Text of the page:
How Shazam Can Help You Predict Hits: Part 2
In our last post, we examined Shazam’s track record of predicting hits, finding that 94% of the songs that rise to Shazam’s Top 10 ultimately become at least Top 30 hits. However, we also found a wide variation in exactly how early Shazam can spot tomorrow’s huge hits.
In this post, we break down which kinds of songs Shazam can help your station spot early: Compared to the biggest songs on American radio in 2015, as tallied on Billboard Magazine’s Radio Songs Year End 2015 chart, which songs specifically did Shazam predict would become hits? Below are examples of songs that emerged on Shazam’s Top 10 weeks before making it to the Billboard Hot 100’s Top 10.
ELECTRONIC DANCE MUSIC (EDM), DANCE & BEYOND
Based on its track record in 2015, Shazam can help spot hits that are sonically at the edges of CHR’s typical sound. Shazam is particularly effective at helping spot EDM/Dance-oriented songs well over a month before they become big hits on traditional charts:
Shazam can also spot hits beyond Dance, outside CHR’s sonic norm:
Shazam can also help spot cross over hits from other formats, especially Alternative and Hot AC:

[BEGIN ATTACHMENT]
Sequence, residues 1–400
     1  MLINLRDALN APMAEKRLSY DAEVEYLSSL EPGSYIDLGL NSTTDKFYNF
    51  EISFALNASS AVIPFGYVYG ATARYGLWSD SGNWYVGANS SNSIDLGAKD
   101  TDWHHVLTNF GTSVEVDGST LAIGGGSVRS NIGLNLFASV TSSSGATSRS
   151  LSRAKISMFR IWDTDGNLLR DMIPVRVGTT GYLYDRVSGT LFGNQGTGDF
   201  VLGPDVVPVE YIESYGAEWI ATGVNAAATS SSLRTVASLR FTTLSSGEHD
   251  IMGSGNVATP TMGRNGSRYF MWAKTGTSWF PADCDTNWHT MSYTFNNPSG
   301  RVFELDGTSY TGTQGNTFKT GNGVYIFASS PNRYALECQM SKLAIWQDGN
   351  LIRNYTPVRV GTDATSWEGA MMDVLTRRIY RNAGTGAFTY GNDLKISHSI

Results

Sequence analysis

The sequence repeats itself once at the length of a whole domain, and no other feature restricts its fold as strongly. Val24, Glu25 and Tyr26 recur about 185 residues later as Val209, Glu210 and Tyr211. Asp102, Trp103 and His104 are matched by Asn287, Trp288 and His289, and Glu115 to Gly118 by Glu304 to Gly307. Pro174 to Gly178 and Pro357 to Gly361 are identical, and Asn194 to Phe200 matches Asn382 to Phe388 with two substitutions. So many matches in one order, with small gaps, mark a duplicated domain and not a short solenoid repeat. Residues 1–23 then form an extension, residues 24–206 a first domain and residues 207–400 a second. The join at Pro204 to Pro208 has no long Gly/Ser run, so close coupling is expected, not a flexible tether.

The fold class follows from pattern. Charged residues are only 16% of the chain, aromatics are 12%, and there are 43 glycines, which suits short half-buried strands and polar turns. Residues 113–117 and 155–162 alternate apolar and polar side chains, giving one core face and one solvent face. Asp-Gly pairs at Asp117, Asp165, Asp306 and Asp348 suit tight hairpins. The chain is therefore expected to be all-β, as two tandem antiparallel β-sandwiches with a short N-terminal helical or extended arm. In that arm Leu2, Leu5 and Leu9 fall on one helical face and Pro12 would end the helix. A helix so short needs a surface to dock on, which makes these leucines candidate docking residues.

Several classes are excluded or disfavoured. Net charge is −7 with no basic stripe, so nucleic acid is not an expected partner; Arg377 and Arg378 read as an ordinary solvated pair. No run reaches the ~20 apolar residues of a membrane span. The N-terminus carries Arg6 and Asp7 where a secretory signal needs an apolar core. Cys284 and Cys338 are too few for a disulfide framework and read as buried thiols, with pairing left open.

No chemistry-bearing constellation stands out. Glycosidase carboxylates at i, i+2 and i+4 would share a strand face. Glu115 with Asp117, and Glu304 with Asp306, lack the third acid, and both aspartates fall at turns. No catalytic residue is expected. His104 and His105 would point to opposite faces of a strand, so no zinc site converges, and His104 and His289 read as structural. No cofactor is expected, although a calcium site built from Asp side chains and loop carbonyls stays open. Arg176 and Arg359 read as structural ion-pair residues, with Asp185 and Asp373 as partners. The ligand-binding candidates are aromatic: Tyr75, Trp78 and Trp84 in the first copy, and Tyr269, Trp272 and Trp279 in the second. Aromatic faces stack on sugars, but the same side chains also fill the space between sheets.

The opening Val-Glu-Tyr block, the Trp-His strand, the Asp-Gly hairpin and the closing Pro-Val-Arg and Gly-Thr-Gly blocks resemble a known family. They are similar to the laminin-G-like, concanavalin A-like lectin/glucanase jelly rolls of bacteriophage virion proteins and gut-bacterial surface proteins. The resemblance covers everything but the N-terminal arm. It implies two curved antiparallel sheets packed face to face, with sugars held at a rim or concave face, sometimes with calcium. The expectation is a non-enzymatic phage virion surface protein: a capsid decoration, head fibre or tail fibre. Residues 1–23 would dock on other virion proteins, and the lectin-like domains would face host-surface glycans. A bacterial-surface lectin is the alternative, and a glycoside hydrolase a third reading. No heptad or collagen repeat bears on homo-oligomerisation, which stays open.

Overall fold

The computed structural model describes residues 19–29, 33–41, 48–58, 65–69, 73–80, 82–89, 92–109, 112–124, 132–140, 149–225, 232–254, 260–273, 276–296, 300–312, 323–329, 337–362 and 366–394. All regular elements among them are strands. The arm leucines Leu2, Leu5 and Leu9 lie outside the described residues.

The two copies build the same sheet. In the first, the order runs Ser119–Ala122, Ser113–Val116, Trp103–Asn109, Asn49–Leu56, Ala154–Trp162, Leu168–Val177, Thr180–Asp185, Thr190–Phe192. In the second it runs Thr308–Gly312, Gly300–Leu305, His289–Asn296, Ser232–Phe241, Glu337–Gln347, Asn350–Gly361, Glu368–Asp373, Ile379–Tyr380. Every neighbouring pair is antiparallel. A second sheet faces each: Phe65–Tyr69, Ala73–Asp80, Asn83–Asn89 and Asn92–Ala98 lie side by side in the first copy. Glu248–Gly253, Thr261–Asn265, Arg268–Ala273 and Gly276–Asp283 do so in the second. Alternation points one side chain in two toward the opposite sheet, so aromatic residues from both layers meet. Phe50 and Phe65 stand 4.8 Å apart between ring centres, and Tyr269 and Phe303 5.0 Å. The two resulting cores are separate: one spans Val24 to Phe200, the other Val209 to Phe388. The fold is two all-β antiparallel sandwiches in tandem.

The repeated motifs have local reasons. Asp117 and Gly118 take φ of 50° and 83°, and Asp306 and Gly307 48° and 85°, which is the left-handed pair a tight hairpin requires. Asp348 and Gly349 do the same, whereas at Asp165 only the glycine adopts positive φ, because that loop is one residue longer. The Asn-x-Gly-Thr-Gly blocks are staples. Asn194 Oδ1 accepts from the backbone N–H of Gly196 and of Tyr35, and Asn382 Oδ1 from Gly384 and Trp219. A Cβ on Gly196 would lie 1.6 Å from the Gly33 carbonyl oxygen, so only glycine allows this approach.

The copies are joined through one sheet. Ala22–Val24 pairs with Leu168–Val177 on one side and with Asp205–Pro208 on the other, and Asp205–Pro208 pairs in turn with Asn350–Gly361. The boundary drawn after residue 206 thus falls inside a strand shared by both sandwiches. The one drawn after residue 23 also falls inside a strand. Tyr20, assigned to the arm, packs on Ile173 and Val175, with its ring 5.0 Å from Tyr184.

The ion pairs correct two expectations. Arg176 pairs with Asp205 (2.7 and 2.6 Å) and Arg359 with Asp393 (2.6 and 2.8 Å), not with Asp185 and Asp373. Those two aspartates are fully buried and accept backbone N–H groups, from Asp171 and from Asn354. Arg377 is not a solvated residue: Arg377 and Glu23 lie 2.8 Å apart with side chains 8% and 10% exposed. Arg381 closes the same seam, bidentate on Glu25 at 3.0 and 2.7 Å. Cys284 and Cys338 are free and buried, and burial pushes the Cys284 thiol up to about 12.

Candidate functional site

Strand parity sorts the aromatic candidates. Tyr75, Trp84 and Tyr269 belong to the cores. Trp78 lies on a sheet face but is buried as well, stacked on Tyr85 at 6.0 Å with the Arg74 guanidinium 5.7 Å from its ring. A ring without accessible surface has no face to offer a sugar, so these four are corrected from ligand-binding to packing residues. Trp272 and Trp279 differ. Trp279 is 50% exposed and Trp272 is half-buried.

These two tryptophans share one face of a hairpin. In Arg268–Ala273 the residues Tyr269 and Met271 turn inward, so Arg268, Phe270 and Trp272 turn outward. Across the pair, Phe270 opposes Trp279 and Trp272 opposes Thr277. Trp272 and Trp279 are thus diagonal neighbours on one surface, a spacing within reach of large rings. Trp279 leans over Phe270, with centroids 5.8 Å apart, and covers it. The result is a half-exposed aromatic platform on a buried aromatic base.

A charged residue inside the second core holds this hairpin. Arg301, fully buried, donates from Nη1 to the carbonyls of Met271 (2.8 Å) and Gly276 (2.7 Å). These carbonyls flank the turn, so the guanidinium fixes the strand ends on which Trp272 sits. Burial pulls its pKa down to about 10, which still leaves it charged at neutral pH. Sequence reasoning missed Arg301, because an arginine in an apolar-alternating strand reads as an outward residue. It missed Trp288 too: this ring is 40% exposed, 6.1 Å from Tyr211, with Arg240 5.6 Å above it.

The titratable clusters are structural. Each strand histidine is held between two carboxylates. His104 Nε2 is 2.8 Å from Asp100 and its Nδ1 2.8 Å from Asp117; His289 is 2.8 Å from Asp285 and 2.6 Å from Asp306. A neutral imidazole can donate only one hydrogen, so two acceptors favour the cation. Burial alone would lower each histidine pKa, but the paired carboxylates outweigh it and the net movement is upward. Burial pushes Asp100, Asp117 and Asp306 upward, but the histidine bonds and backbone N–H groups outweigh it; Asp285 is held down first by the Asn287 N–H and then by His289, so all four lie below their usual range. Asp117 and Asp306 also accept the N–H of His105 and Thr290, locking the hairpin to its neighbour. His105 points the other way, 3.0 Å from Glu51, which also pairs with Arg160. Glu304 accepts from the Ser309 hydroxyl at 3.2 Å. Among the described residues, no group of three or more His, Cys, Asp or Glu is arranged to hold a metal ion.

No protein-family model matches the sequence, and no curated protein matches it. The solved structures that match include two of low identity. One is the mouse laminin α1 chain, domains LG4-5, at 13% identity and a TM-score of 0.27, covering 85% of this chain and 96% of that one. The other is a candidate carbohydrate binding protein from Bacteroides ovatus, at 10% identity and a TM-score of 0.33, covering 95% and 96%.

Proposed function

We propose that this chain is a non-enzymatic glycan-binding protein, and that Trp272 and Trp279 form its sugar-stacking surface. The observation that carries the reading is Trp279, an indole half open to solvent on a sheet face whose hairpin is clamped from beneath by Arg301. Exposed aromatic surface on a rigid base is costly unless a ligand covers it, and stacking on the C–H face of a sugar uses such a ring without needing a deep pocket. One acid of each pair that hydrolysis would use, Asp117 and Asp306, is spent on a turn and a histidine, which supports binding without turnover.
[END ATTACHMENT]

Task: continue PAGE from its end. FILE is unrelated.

HITS IN 2016
So far in 2016, Shazam has been able to spot several early hits that fall into these categories of being outside of CHR’s typical pop-oriented sound:
WHY DO PEOPLE SHAZAM SONGS?
To understand why Shazam spots the early hit potential of these specific songs, it’s important to understand why people Shazam a song in the first place. People Shazam a song because they want to know the name of a song and who performs it. For EDM and Dance tracks where the DJ is the star, it is often impossible to identify them based on the vocals, whereas a well-known Pop star may be easier to identify by ear. A big Shazam response for a song only airing on Alternative or Hot AC can indicate a song has broader appeal beyond the format that introduced it, particularly if it’s a new artist.
The key thing to keep in mind is that people don’t Shazam a song because they want to hear it; they Shazam a song because they want to know the artist and title of the song. Once listeners know a song’s name and artist, they stop Shazaming, no matter how much they love the song. That’s why Shazam cannot tell you when a hit song has run its course with your audience the way customized new music research can. This distinction not only explains why Shazam is effective at spotting certain styles of songs early, it also explains why Shazam fails to detect other styles of songs just as early.
In our next post, we’ll examine what kinds of songs Shazam doesn’t spot early, as well as discuss why relying on Shazam as your only way to spot big hits early could be a mistake.